Because of this my time is spent reading, praying, and listening.
In other words I’m working on filling this hole in my heart with more of what, or who, should be there in the first place. While enjoying the cool spring/early summer days I’ve spent more than a few mornings and evenings sitting outside in conversation with God. I’m listening. Listening to God’s voice in the psalms and prayers of the Divine Office and in the Gospels themselves.
I’m also reading a book that I inadvertently left off my summer reading list. I first attempted to read The Ragamuffin Gospel by Brennan Manning over ten years ago but quit half-way through. It was brought to mind recently when I watched the movie Ragamuffin: The True Story of Rich Mullins. (As an aside, I plan to write a review of this movie soon. Rich Mullins was, and still is, one of my favorite singer/songwriters. This movie reminded me how much I miss him since his death in 1997.) Unable to locate my original copy of Brennan’s book two weeks ago, I went to Barnes & Noble and purchased another. I’ve been reading it and highlighting it non-stop ever since. Here are but three of the many selections I highlighted within the first chapter alone:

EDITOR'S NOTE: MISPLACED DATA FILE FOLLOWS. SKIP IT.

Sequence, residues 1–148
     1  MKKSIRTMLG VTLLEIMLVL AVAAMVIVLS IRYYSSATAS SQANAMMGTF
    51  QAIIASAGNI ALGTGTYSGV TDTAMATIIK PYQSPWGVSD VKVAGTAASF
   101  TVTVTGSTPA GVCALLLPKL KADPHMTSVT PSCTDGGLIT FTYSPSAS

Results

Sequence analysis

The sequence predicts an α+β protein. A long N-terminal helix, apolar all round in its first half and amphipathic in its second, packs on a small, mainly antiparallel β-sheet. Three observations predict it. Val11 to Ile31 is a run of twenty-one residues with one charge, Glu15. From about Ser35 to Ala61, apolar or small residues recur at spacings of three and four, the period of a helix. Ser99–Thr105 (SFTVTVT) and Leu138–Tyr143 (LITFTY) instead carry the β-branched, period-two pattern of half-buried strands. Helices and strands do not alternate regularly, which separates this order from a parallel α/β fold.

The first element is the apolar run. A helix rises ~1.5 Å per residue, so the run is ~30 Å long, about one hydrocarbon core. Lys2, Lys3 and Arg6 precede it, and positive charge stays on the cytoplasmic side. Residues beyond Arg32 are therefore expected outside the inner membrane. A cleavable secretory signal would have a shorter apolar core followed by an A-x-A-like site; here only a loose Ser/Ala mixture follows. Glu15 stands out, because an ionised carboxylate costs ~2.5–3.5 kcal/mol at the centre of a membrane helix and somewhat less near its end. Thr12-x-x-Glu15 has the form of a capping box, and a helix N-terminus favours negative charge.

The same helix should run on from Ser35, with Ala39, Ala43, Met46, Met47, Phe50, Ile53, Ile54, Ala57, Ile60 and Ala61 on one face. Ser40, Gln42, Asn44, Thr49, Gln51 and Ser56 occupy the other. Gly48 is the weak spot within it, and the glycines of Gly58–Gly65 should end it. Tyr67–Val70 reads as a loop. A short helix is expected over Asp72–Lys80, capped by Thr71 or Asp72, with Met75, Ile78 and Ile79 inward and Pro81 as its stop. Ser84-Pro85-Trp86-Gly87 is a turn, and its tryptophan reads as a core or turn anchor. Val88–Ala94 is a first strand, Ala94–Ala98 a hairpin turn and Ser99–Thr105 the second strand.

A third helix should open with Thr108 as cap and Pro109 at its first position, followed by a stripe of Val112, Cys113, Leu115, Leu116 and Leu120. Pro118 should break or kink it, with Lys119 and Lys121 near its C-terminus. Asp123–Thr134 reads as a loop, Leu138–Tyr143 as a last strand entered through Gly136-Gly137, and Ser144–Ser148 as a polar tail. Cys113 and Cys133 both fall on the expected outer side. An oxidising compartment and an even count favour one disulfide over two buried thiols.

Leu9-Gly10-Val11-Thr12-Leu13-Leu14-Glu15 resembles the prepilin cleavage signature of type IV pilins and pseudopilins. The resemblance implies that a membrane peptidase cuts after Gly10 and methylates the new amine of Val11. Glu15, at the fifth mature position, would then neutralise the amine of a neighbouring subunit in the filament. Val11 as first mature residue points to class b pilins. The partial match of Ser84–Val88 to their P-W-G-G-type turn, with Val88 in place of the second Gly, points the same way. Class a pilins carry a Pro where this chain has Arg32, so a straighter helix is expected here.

And Grace calls out, You are not just a disillusioned old man who may die soon, a middle-aged woman stuck in a job and desperately wanting to get out, a young person feeling the fire in the belly begin to grow cold. You may be insecure, inadequate, mistaken, or potbellied. Death, panic, depression, and disillusionment may be near you. But you are not just that. You are accepted. Never confuse your perception of yourself with the mystery that you really are accepted. – page 28
We want ever-sharp spirituality—push, pull, click, click, one saint that quick—and attempt to cultivate a particular virtue at a given point in time. Prudence in January, humility in February, fortitude in March, temperance in April. Score cards are provided for toting up gains and losses. The losses should diminish if you expect to meet charity in May. Sometimes May never comes. For many Christians, life is a long January. – page 31
In essence, there is only one thing God asks of us—that we be men and women of prayer, people who live close to God, people for whom God is everything and for whom God is enough. That is the root of peace. – page 46.
That is the peace I’m looking for. It can’t be found in social media, the news, the opinions of others or in a gazebo. It is found in prayer. It is found in communion with God. God is enough.
Moses spent forty years in exile before going back to Egypt to demand that Pharaoh let his people go. Israel then spent another forty years wandering in the desert before they were allowed entry into the promised land. Jesus spent forty days being tempted in the desert before launching his ministry three years prior to his death and resurrection.
I’m forty-six. I’ve wandered a long time. Much of that wandering was aimless and without purpose.
I’ve had my long January. I’m listening with purpose and know that action will follow while on this road. Action with a purpose.
I am a ragamuffin.